As an architecture student today, you have a lot of tools at your disposal. The industry is becoming more tech-centric than ever, so there's an abundance of new and exciting digital processes to use for your projects. One of the most helpful yet underutilized of these is Building Information Modeling (BIM).
BIM has seen remarkable growth among architecture firms, but it hasn't had the same impact in schools. You've probably at least heard of it before but may never have used it. Most architecture students face a few barriers in their way of trying it out.
Here are the top five reasons why architecture students like you avoid BIM and why you should try it.
1. Other Methods Are "More Fun"
You could've gotten into architecture for any number of reasons. No matter what your drive was, though, part of the reason is probably that you enjoy it. That could also be your reason for sticking to physical models or hand drawn sketches. These more traditional methods can seem more fun.
BIM can be just as engaging, exciting, and versatile as these other methods. In a way, BIM software is the most challenging and creative computer game there is. Working in these programs is a lot like creating things in "The Sims" or "Minecraft," but with real-world applications and tangibility.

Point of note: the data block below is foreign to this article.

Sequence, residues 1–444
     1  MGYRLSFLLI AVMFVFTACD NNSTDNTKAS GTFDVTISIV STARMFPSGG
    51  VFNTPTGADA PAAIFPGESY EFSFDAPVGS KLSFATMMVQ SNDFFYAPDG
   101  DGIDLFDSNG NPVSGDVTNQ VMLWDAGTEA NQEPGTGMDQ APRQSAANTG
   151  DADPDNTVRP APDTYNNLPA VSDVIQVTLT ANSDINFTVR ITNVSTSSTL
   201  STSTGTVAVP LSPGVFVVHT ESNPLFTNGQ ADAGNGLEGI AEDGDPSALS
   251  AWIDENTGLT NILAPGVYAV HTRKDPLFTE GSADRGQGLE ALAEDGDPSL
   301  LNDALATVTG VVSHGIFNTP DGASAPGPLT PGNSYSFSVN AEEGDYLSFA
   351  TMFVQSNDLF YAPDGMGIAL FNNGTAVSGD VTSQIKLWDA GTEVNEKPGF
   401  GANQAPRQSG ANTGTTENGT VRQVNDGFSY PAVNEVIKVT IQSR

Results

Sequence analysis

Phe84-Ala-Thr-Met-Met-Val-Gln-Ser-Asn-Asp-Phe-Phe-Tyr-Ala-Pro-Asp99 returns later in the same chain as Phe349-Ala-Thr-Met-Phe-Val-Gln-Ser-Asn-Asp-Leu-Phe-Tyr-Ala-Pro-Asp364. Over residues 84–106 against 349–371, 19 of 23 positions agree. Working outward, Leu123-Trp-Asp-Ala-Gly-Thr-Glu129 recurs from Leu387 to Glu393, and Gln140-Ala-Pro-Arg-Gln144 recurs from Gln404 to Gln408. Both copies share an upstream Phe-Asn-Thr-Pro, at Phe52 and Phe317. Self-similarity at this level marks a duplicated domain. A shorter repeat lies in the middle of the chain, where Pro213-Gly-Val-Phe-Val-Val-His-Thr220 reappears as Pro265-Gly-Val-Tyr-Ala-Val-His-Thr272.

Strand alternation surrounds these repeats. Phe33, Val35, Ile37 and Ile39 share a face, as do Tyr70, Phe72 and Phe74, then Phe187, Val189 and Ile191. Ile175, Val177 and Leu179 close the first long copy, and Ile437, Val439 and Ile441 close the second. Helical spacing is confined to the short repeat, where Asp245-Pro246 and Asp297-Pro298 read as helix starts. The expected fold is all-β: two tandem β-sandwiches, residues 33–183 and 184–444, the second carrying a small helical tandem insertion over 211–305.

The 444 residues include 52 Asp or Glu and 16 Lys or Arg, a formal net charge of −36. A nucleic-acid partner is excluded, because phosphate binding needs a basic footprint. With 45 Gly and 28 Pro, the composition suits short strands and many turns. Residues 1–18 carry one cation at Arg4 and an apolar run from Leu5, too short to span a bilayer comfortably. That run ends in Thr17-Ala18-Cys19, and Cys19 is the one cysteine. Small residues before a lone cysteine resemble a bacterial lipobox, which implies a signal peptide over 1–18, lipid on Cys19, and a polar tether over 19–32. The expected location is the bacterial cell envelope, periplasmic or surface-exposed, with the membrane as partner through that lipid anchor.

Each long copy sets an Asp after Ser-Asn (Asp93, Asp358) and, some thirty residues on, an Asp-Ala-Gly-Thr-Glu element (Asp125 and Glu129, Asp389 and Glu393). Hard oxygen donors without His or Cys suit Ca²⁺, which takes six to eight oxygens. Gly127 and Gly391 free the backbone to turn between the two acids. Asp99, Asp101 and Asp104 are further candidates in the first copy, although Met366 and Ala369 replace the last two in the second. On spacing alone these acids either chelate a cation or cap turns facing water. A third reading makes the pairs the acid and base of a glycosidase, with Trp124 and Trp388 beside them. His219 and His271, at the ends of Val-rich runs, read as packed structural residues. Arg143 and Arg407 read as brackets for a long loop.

Creating things with BIM software gives you the same sense of pride as creating things with other methods, but with more freedom. The possibilities of what you can create are endless, and data-driven digital tools help you turn your imagination into practical designs. You can see your ideas become realities and render in real-time. Moreover, the program takes away the hassle of separately drawing elevations and other elements.
When Architecture student Pauline Mestdagh first began her project she was asked to create a physical model.
2. Schools or Instructors Don't Require BIM